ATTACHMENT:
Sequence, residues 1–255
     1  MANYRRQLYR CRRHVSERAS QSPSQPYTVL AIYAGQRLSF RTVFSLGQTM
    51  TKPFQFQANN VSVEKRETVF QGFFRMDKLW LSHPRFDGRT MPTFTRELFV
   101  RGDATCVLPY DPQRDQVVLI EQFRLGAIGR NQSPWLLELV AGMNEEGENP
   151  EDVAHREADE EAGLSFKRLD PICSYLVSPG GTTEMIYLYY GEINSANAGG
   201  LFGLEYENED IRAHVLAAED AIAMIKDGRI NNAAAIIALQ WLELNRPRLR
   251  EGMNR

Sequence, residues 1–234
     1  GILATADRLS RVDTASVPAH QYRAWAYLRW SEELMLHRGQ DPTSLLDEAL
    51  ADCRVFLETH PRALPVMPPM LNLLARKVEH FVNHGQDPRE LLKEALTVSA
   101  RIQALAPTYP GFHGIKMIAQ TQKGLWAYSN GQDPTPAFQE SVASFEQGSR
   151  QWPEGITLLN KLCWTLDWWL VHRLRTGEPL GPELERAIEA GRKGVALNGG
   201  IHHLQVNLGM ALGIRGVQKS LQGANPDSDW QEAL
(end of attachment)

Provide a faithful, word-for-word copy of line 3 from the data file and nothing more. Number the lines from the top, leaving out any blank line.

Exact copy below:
    51  TKPFQFQANN VSVEKRETVF QGFFRMDKLW LSHPRFDGRT MPTFTRELFV